Never Give Up: Adventures in Yoga and Rock Climbing
My heart pounded and sweat dripped down my face. “I can’t go anymore,” I told myself as I pressed my body closer to the wall, my fingers sliding off the slim hand holds. “I’ve got you!” Michael yelled 50 feet below. I looked down. Big mistake. I looked up, only 15 feet to go. You’ve done it before, Stacey, you can do it now! My eyes stared straight into a broken handhold. The hold that I naturally wanted to grab based on my positioning. Stressed and frustrated my heart pounded faster. “I can’t I have to come down, there is no where for me to go. I’m losing strength!” my mind kept chanting.
“Take your time, I’ve got you!” I heard that supportive voice again from below.
Shallow breaths, heart pounding, sweat increasing. I can’t. I can. I can’t. I can. I can’t.
I CAN AND I DID. I reached the top of the wall, hit the final hand hold and yelled, “Coming down!” A giant smile on my face. I didn’t give up.
WHAT HAPPENED UP ON THAT ROCK WALL?
I didn’t give in to my mind, knowing that physically my body would take me where I needed to go. I credit my yoga practice for that belief. I learned over the years that my body is stronger than I think and that my mind is often first to give up, especially when faced with physically or mentally challenging situations. That’s what I love most about teaching yoga and other mind/body connecting practices: helping people over come roadblocks by building not only physical strength but mental strength as well. Helping people connect in to the strength in their body and their mind.
Every experience is an opportunity for me to practice overcoming roadblocks. My knowledge of yoga helped me get through the rock gym roadblock. I will use the memory of this rock gym experience to help me overcome the next roadblock. Do you see how that works? We must have practices in place so that when faced with a real life situation we are equipped to handle it. Without my practices I would not have the strength physically or mentally to get to the top of the rock wall, enjoy nurturing relationships or a successful career.
The next time you hit a roadblock on an otherwise smooth road, consider the following before you let your mind take over and give up.
Remember to breathe. It’s basic, it’s simple, it’s necessary and it works. Check in with your breath, no matter the situation and see what you can do to slow it down. Tension releases allowing your body and mind to slow down, providing the mental clarity you need to proceed toward your goal.
Check in with your body. The mind and body are not separate, they are fueled by one another. Yet too often we let our mind take over, disregarding the strength we have in our hearts and our bodies. When they are both relaxed, wonderful things can happen. When they are disconnected, well, we give up. The next time you notice your mind racing with thoughts, pause from thought and check in with your body. Is your body really ready to give up or is your mind is talking smack. If your mind is talking smack, tell it to shut up for a bit. Your physical body is stronger than you think.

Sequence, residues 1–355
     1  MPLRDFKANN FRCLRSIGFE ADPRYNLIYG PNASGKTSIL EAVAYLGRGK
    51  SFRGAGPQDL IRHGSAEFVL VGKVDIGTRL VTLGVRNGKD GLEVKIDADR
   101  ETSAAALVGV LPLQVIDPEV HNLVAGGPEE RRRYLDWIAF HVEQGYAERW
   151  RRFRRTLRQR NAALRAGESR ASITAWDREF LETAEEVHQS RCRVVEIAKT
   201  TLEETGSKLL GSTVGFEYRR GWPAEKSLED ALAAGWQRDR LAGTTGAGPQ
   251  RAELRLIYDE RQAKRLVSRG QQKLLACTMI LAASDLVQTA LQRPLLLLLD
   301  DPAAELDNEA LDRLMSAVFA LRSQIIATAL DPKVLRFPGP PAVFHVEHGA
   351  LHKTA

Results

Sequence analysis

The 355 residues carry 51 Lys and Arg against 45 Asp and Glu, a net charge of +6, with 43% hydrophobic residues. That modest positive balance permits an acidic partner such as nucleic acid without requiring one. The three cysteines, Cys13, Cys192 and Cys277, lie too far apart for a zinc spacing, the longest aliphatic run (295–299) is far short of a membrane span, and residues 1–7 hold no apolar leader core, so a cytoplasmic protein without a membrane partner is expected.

What’s the rush? Climbing a rock wall 65 feet up is challenging and tiring both physically and mentally. Perhaps the broken handhold was my signal to slow down in order to achieve success. Next time you’re faced with a roadblock, avoid frustration and take heed, maybe it’s time for a short rest. Take time to enjoy the process, not just the destination. The challenges make you stronger.
Re-assess the course. My climb was smooth until I got to that broken handhold. By taking a moment to pause, look at my current location and then look around for options, I was able to re-position myself for success. In this case I took a few steps down before I continued up the wall. I needed a new position in order to achieve success. Don’t get locked into your course, remain flexible.
Don’t go it alone. Support is critical in anything that you do. I was not on this rock wall alone. Michael provided support by belaying me. I needed to hear the occasional, “I’ve got you.” and “There is no rush, take your time”. I felt safe and supported – two keys to success. With his support I was free of fear.
Have you ever hit a roadblock in your life and been quick to give up? What practices do you have in place to help you overcome those roadblocks?